A US Scientist Reveals Findings After Inspecting North Korea’s Nuclear Facilities

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An American nuclear scientist who visited a secret nuclear complex in Yongbyon, North Korea, claims that Kim Jong Un’s regime is not bluffing when it comes to the dictatorship’s nuclear weapons capabilities.

As he recounted in an interview with “60 Minutes” that aired Sunday on CBS, Sig Hecker — who was once in charge of helping design nuclear weapons for the U.S. — was invited to North Korea and shown evidence of the country’s nuclear capabilities.

Hecker was at one time the director of Los Alamos National Laboratory, which is known as the “birthplace of the American atomic bomb,” according to CBS.

Hecker described his shock at being invited to North Korea, and said he was also shocked when the U.S. government allowed him to travel to the infamously hostile nation.

“I was immensely surprised by how much they showed me and with the openness with which they showed and explained that to me,” he said.

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“There’s no way in the world they’re going to let me in. By the way, I also thought the U.S. government wouldn’t let me go but it turns out I was wrong on both accounts.”

Hecker first visited Yongbyon in 2004. At that point, the North Koreans were believed to be operating a small nuclear reactor.

While describing the facility as “primitive,” Hecker pointed out he thought it was functional.

“I would call it primitive but functional. And in fact, all of the instrumentation sort of reminded me when I first got to Los Alamos in 1965 you know, no modern electronics or anything of that nature,” he said.

“This is a reactor that was not very good for producing electricity, but it was very good for making plutonium.”

Indeed, the North Korean officials would go on to prove just that.

After seeing the reactor, Hecker said he was taken to a building where the North Koreans claimed to be turning used fuel from the reactor into weapons-grade plutonium.

“They just showed me the facility and basically said, ‘Look, you have to believe us, we extracted the plutonium,'” Hecker said.

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CBS’ David Martin then asked, “Did you believe them?”

“The answer was yes, but I didn’t let them think that I believed them,” Hecker responded.

Hecker went on to say that the complex’s director offered to show him plutonium.

“You know plutonium when you see it,” Martin said.

“Plutonium by itself is sort of a silvery color if it’s not oxidized,” Hecker replied. “If it rusts, oxidizes a little bit, it sort of turns gray and black and this stuff was gray and black.”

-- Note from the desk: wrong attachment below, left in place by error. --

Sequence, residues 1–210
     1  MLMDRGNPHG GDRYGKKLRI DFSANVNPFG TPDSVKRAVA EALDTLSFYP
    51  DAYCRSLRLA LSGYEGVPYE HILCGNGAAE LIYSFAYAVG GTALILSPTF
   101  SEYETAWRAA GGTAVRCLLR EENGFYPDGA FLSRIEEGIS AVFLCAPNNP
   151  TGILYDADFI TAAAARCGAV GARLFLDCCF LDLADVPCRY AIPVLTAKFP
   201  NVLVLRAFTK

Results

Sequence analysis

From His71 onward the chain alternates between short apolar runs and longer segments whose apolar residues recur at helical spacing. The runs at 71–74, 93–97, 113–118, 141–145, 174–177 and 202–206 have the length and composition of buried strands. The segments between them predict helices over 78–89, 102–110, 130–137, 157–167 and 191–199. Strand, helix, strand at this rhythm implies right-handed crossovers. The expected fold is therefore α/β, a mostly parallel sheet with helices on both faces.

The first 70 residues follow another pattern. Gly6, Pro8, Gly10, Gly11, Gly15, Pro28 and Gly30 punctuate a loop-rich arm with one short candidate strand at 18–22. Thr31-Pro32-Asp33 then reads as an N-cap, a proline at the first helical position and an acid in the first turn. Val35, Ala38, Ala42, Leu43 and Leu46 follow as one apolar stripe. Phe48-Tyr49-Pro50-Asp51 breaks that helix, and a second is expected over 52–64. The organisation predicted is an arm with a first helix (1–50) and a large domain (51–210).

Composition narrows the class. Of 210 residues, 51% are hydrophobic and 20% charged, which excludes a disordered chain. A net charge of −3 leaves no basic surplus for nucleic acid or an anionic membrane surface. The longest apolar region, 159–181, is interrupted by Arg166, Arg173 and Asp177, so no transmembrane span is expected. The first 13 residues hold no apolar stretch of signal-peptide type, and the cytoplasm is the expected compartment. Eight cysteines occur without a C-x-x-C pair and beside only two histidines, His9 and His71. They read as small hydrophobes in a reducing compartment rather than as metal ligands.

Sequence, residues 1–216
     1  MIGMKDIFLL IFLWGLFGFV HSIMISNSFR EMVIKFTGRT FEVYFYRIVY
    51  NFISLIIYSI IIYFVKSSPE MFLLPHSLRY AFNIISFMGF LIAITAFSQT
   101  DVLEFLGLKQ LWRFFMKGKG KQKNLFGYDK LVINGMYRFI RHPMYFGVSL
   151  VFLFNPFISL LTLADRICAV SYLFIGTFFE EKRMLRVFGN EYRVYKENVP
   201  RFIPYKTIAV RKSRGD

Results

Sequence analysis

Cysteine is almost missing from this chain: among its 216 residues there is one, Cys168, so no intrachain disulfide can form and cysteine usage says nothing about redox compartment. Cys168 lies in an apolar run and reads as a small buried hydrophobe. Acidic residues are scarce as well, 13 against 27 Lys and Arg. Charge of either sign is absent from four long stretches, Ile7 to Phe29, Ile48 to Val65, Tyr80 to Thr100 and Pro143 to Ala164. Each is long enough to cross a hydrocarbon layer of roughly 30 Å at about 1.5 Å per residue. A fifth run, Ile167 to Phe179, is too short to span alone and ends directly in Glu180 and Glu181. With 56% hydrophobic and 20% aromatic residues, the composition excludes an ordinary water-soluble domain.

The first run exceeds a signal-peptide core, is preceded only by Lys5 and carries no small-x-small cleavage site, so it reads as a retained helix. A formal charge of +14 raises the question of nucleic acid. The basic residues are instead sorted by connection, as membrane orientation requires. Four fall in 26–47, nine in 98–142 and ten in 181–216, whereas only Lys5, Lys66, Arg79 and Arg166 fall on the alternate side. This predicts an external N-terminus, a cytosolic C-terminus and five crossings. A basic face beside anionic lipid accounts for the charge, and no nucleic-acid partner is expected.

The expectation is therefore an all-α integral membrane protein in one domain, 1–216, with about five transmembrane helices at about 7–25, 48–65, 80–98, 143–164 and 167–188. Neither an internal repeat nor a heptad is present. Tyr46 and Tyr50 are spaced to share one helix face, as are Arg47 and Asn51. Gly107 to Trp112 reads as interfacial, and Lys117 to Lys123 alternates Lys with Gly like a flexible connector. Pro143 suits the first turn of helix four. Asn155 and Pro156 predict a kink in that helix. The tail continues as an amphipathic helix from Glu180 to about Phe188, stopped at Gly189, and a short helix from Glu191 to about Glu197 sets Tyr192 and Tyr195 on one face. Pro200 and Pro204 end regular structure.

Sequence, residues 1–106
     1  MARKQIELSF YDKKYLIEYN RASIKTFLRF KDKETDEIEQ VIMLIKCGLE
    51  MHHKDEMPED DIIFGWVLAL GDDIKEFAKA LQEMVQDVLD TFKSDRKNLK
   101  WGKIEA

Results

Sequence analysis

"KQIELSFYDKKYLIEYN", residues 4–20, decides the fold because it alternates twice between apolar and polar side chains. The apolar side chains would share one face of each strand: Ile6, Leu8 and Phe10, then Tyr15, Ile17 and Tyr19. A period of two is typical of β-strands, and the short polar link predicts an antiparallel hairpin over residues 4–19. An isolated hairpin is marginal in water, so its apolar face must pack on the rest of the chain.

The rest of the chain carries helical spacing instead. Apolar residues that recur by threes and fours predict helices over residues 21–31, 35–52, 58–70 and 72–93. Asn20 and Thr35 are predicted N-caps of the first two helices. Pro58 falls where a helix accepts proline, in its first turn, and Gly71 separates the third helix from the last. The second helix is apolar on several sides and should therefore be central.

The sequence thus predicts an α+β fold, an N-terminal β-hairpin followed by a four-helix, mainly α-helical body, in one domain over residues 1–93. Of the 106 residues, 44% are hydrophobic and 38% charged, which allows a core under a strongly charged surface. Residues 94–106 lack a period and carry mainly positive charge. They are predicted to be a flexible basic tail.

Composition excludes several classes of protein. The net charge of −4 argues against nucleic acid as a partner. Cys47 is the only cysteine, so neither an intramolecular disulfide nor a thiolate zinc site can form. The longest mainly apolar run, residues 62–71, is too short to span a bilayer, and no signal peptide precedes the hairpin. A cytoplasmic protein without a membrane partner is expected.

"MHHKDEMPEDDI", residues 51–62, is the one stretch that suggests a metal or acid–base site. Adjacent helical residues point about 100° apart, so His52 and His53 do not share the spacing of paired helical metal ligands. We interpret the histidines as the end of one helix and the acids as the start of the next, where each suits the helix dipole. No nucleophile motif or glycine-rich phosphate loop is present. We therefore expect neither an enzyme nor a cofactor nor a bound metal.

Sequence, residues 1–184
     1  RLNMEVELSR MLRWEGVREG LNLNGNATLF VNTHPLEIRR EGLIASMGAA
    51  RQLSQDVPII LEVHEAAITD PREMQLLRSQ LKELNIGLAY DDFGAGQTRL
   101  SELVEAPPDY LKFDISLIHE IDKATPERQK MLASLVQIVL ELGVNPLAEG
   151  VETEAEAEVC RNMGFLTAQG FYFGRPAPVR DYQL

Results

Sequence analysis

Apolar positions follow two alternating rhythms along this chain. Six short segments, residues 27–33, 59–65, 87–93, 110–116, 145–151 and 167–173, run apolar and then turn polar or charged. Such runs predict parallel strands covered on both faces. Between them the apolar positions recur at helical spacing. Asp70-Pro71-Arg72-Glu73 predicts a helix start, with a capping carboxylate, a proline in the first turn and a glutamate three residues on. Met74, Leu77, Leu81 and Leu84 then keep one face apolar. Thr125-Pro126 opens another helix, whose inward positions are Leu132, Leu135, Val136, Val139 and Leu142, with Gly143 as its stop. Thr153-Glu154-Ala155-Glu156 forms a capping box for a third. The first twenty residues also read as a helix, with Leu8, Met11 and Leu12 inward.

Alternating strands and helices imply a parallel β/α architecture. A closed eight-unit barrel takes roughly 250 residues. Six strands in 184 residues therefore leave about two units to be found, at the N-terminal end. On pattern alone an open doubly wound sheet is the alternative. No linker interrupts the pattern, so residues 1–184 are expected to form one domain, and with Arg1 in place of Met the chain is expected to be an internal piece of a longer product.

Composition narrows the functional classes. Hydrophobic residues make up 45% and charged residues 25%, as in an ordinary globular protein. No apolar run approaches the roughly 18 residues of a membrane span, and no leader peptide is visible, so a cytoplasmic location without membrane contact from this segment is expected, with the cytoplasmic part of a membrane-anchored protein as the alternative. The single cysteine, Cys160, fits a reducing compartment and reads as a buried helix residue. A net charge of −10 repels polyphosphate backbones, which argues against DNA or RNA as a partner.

Hecker elaborated on the weight and heat of the plutonium, further indicating that the product was legitimate.

“So I said … I’d like to hold the jar with the metal in it. And they allowed me to hold it. So what do I learn from holding? Well, first of all plutonium is dense. … It ought to be heavy. It was. The other thing plutonium is radioactive. So it … Glass jar ought to be warm and it was warm.”

The question remains, though — Why would the North Korean regime want to confirm the news of its nuclear capabilities to the U.S.?

“They wanted to show Sig that they really did have plutonium,” said CBS consultant Robert Carlin, a former intelligence analyst for the CIA and State Department.

When Martin asked Carlin why any country would so willingly hand over what would surely be one of the regime’s most guarded military secrets, Carlin simply asserted that it was the only way anyone would believe North Korea.

“Nobody would believe them otherwise, right? People would say, ‘Oh, they’re just posturing. Oh, it’s propaganda.’ So how are you going to convince the Americans?” Carlin said.

“You get an expert who knows plutonium when he sees it and you, you hand it to him. You say, ‘Here it is. What do you think?'”

Hecker returned to North Korea in 2010. At that time, a different part of the base was revealed to him, where 2,000 centrifuges were on display.

According to The U.K. Daily Mail, it was suspected that uranium was being manifested for use in another type of chemical bomb.

CBS reported that U.S. intelligence experts believe North Korea may currently posses enough material for 60 weapons.

However, that number is much larger than an estimate from David Albright, the director of the Institute for Science and International Security. Albright suspects the North Koreans have between 13 and 30 nuclear weapons.

But as Hecker pointed out, its less about how many they have, but rather how small North Korean scientists can make the weapons.

During his interview with Martin, the pair are shown viewing a television monitor. Looking at a spherical object on the screen, Hecker hypothesized that the object was a “spherical fission bomb” — also known as an atomic bomb.

“It looks like a simple bomb. However, what I found most important about this is the size of it. It looks to be about 60 centimeters,” Hecker said.

Sixty centimeters is small enough to fit on some of North Korea’s missiles, according to CBS.

Hecker acknowledged that the North Koreans must be taken seriously.

“They’re going to get there, you know, that’s, that’s one thing you can count on. We’ve tried to sanction them into submission. They’ve not submitted. They just keep testing and keep evolving.”

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